I have been reading so much about how this period of extreme remote work will destroy women’s careers and expand the gender gap. Yet, in our own research and work with our clients, we think that the opposite is happening. Women are rising to the occasion, showing their agility and creative problem-solving skills, and helping others survive, if not thrive during the crisis. As an anthropologist, we know that is hard to capture the moment with sufficient stories, human experiences, and observations to present an accurate picture of what is happening. But, our experiences suggested that it was time to share some of these women’s stories to balance the record and redirect expectations.

The work we have been doing coaching executives and their emerging leaders has shown us, over and over again, how creative, productive, and collaborative women are in adapting to new business environments. While the impact of the virus might be extreme, the women, and the men they work with, have managed to see the silver lining in this grey cloud. As we coach them and listen to them vent their frustrations, we find them also exploring new ideas. These are big ideas. And we find that great thinking is taking place and great women are emerging.

As a result, we have been urging business leaders to rethink their ideas about the roles women play in. their organizations. It is a good time for them to capture the energy and resourcefulness that their employees are demonstrating. Why lose the lessons that have been learned? Capitalize on them and help them move forward.

For example, we had one manager of 300 people develop a new approach to shed costs will refocusing their efforts during their time working remotely. This manager’s CEO was fascinated at her ideas. He listened to her approach, had few questions, and sent her and her team on their way forward. No more over-analyzing the decisions. He watched her make the right decisions and encouraged her to keep learning and adjusting. This was far less “command and control” leadership and much more “entrepreneurial empowerment.”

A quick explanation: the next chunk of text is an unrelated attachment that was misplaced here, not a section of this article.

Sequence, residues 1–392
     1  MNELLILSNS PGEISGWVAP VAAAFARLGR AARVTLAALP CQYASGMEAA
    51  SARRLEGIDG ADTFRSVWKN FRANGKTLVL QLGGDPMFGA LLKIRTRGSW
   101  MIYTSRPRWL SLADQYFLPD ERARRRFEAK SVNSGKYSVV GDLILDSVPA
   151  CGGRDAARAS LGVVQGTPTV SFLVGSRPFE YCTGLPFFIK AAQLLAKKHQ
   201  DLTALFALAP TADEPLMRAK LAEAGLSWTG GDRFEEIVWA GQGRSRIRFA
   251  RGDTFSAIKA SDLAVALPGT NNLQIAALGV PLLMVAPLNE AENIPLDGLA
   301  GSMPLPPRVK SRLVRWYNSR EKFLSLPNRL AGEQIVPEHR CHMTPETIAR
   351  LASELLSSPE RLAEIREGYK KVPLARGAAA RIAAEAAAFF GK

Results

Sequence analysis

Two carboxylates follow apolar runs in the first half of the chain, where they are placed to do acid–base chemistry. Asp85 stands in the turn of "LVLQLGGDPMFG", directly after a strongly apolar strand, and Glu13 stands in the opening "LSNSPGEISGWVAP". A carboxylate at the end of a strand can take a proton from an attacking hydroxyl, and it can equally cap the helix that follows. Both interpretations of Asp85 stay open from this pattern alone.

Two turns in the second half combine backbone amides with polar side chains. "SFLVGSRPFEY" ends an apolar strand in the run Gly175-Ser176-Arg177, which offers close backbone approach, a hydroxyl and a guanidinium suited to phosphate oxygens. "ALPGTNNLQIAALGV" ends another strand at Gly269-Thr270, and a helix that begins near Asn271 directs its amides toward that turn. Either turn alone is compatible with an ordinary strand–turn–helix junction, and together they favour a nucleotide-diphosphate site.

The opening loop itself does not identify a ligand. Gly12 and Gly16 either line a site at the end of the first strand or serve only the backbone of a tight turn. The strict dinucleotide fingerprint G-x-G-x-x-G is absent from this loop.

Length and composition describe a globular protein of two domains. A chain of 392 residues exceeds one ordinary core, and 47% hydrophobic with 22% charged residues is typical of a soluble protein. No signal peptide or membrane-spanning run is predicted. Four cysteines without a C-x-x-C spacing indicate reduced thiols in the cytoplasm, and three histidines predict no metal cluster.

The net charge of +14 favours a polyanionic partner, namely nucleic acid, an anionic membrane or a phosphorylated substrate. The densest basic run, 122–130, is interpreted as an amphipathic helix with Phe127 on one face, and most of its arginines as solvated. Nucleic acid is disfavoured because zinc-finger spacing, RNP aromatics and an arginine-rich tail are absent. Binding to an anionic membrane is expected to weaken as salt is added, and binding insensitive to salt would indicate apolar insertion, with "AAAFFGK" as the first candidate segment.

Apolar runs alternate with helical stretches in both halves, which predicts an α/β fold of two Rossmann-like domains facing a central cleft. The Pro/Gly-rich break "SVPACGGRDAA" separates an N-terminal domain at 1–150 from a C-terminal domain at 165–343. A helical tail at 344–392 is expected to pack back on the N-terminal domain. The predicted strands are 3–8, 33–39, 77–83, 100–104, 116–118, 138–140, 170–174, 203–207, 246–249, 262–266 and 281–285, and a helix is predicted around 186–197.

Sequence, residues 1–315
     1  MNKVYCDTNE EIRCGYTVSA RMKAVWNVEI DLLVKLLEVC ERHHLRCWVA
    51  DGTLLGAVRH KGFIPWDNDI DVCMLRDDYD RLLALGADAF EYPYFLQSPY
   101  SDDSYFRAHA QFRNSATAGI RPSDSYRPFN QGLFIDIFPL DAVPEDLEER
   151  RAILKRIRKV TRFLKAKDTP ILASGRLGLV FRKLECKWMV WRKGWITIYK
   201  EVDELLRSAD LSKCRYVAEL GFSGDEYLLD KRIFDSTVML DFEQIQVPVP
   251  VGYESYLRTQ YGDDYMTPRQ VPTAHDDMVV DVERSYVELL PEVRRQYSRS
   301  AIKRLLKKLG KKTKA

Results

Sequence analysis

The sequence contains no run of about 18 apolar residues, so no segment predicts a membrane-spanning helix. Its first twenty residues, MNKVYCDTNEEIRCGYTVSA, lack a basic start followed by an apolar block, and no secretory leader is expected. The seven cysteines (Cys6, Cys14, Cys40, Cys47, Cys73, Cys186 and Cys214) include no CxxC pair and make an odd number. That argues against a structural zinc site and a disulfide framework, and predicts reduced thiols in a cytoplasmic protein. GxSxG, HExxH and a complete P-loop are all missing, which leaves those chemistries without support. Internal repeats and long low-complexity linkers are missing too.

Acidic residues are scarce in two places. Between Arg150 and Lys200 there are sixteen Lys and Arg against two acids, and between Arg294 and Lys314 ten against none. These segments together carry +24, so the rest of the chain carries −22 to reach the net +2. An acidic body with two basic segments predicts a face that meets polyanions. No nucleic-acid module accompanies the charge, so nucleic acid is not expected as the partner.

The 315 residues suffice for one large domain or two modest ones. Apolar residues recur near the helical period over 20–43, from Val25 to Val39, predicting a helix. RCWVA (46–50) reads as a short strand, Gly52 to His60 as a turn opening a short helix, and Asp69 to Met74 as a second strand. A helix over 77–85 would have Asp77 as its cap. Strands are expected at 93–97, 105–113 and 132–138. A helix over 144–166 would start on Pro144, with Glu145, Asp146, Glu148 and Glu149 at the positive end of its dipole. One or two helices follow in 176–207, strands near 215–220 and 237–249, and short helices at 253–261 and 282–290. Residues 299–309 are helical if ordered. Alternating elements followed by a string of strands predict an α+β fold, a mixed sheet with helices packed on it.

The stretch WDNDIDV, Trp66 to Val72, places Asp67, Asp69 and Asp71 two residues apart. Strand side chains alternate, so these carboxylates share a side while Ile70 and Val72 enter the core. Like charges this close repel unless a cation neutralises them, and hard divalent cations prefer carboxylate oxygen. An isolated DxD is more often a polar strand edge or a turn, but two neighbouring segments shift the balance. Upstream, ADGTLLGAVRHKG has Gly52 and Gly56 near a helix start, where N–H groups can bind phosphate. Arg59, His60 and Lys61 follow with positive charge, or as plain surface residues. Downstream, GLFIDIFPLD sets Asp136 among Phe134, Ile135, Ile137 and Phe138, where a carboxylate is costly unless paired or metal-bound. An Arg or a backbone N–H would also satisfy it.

Another woman client was having trouble with her team. They wanted a clear vision for the future. They expected one from her. Instead, she had the team come together to create a shared vision that they could imagine and begin to implement. It was now their turn to visualize the future and they were great at it.

In another client situation, we were observing how the women thought about “we” while their male counterparts were irritated about “I.”  This is going to be a time for “we” to solve problems. Businesses and communities are going to need each other to stop competing and begin to team up, share resources and talent, and think beyond that competitive mindset. It is no longer about winning a soccer game. It is about creating a more healthy, productive, and even child-and family-friendly world.

Recently, Women’s Business Collaborative had a Roundtable with women CEOs speaking about how women were leading during the pandemic. These women CEOs included Deanna M. Mulligan from Guardian Life Insurance, ancestry.com’s CEO Margo Georgiadis, and IG Group’s June Felix. They spoke about their own experiences and those of their employees. While each was different, they were in awe of how their organizations rose to address the pandemic with creativity and positivity. The recurring themes in their messages, much like those of my own clients, were three-fold: 

  • Women leaders cared about the health and safety of their staff, and from their caring came an extraordinary performance by employees who trusted the leadership.
  • Authentic leadership created a new sense of purpose and renewed mission so that employees at all levels and both men and women could begin to see a future, even if it was a bit fuzzy.
  • The ingenuity, agility, and creativity of the employees was unexpected but deeply appreciated. It taught them a great deal about how they need to enable their staff to use their ideas and creative energies to build better solutions.

There is no doubt that women are growing in their roles as they adapt to new business and home/life environments. Coming out of these changes are new ways for men and women to see each other and work together. 

From an anthropological perspective, it is a great time for women and men to see their worlds through a fresh lens, gain new respect for each other’s capabilities, and pull the economy and our culture into a new stage in our gender development. It is time to change the story.

This also means that men and women have to think more like anthropologists. They need to pause, step back, and rethink what has always been those “way we do things.” The future may not come back the way it was. You might not even want it to. I cannot tell you how many clients have said, “I can finally do what I have been trying to do for a while.” The team should be men and women thinking about how “we” can build better businesses, communities, schooling, society.

From our perspective, and what I am hearing in our work with our clients, they have become far more comfortable with the unfamiliar and the unknown than they thought they would be. They are even proud of how they can change—even with a little pain.